The Boehringer Ingelheim group, which was founded in 1885, is today one of the world’s 20 largest pharmaceutical companies.
The group consists of 145 affiliated companies with around 50,000 employees, across all five continents, including five R&D and 20 production facilities in 13 countries.
However, for this project, we were most interested in one facility – the staff servery in the company’s UK headquarters in Bracknell. And bringing it up to the same stunning standard as the rest of the building, which we had recently completely re-designed and refurbished.
It’s frustrating for staff to have a restaurant that is congested at its key operating hours – lunchtime. A servery that’s also tired, dated, actually broken in places and hasn’t seen any investment for a decade doesn’t help.
So with the rest of the client’s headquarters facility successfully and completely refreshed, we were asked to turn our expert eye on the servery.
We started by spending many a lunchtime watching – mainly observing people, processes and the servery’s performance. It wasn’t good for our waistlines but was great for gaining the in-depth insight we needed to make the changes the facility badly needed.
We wanted to create a space that was less staff cafeteria and more ‘café’ culture’ in feel, taking influences from French patisseries. We achieved this by blending rustic timbers with crisp white finishes, all complemented by a strong accent colour.
Stylish features were created throughout the space, using fruit crates for displays, and a farmhouse table-style salad island, the latter being softened by pendant lighting.
An artist was even commissioned to bring the space to life with graphics. These included a company timeline which can easily be updated with future milestones.
The restaurant was named 1885, in honour of the company’s foundation year.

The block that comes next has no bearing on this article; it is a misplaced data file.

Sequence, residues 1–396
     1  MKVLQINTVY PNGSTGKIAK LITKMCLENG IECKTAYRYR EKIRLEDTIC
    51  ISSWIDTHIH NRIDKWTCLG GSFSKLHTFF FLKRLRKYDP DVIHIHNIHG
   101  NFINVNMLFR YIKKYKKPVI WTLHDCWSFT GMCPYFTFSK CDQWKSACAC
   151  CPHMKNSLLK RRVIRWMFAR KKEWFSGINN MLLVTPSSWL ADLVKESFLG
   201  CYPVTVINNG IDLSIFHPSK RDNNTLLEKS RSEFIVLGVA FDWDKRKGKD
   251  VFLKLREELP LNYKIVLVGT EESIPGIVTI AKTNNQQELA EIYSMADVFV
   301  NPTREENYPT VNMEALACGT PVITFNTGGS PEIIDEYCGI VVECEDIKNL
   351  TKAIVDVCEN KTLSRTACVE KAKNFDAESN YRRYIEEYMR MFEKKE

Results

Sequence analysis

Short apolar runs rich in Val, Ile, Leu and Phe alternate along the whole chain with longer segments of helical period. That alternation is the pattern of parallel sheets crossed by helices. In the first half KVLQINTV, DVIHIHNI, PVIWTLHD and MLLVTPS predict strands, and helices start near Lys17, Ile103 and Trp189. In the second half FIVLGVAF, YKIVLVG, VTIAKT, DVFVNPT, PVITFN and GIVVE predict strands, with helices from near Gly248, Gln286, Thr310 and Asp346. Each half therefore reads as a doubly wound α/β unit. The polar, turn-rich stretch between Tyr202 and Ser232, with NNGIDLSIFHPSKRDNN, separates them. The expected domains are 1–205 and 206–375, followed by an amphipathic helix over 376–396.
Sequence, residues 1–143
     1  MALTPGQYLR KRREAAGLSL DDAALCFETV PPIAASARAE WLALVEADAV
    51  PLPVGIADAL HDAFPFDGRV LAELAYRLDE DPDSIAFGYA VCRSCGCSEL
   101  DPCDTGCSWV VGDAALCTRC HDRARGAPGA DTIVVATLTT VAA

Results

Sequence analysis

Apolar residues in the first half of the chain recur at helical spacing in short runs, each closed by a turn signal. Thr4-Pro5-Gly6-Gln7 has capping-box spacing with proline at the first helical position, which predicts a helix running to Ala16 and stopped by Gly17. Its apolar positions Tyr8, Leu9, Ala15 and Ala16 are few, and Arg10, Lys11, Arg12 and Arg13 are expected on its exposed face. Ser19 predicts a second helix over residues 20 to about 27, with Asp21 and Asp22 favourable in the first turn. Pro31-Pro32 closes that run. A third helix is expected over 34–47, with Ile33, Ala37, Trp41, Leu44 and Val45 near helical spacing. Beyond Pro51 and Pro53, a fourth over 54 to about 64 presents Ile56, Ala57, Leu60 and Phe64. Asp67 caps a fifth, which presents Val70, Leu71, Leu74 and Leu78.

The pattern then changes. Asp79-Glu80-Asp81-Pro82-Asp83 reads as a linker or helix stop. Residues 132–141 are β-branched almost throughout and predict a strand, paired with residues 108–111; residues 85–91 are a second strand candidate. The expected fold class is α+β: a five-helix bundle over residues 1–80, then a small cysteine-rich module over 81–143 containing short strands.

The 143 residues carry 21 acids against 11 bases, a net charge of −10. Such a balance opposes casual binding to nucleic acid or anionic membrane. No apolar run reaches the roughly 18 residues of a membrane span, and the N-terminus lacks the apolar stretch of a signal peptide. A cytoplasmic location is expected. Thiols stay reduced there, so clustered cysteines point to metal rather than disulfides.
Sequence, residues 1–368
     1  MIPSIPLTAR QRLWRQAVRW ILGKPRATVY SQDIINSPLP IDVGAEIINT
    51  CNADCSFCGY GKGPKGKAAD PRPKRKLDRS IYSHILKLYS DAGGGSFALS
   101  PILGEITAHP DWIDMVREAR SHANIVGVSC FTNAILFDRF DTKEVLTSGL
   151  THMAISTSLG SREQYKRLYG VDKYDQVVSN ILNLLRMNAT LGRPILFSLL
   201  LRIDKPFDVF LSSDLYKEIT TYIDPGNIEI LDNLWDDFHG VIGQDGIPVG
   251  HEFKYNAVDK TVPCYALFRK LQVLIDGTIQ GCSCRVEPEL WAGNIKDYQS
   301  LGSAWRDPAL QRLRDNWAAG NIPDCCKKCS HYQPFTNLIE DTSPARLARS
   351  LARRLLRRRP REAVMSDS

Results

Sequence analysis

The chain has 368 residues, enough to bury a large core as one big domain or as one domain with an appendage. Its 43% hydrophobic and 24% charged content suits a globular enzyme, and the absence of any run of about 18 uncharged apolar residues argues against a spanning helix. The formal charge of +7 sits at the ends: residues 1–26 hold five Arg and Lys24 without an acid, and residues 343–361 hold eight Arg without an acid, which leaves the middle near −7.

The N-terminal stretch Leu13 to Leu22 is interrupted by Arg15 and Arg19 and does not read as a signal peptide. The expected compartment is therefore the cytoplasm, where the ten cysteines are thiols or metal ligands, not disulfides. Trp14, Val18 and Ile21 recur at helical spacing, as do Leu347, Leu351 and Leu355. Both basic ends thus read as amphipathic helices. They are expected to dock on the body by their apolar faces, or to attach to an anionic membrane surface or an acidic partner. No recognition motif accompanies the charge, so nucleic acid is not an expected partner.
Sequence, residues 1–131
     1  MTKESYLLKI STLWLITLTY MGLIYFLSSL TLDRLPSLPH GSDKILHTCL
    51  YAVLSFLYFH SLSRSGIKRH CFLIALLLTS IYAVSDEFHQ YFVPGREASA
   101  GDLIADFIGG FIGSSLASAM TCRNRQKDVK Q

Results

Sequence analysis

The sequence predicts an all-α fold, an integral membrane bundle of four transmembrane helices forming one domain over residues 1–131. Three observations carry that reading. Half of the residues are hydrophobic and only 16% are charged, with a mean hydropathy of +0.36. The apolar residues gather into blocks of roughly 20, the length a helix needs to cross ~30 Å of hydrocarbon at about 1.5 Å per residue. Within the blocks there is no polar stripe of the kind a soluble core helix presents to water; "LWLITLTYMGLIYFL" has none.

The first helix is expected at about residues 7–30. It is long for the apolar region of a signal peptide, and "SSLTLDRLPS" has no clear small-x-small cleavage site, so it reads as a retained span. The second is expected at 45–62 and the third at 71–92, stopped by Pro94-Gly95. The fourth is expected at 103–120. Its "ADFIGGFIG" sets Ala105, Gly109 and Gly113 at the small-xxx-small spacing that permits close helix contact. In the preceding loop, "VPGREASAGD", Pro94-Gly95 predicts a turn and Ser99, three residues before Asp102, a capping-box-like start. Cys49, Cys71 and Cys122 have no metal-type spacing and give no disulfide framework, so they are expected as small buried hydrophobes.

To ensure the work we were doing had minimum impact on the usual day-to-day operations of the business, we had to plan carefully and liaise closely with the client at all times. After all, we were going to be working during their office hours.
To gain free rein to the existing catering facility, we had to install a temporary one, including a kitchen. This would only provide a reduced service but meant that we could move quickly to gut the original installation and drive the works forward.
Alongside the servery’s refurbishment, we also replaced the main kitchen floor with a new resin option. This involved the complete decommission of the kitchen equipment, along with a full deep clean. It also necessitated replacing the lighting and ceiling, and then re-commissioning everything in time for the new servery’s launch date.
It wasn’t easy to keep the work we were doing under wraps, to enable the client to have a ‘big reveal’ when the servery opened up for the first customers, post-refurbishment. But we did.
The transformation from the old installation to the new was very dramatic and created a lot of excitement during that first lunchtime period and beyond.
Crucially, not only did the new servery look fantastic, it worked fantastically well, too. We’d resolved the people flow issue and now staff even find the inevitable queues during very busy periods far more palatable, when they’re in such a cool, calm place.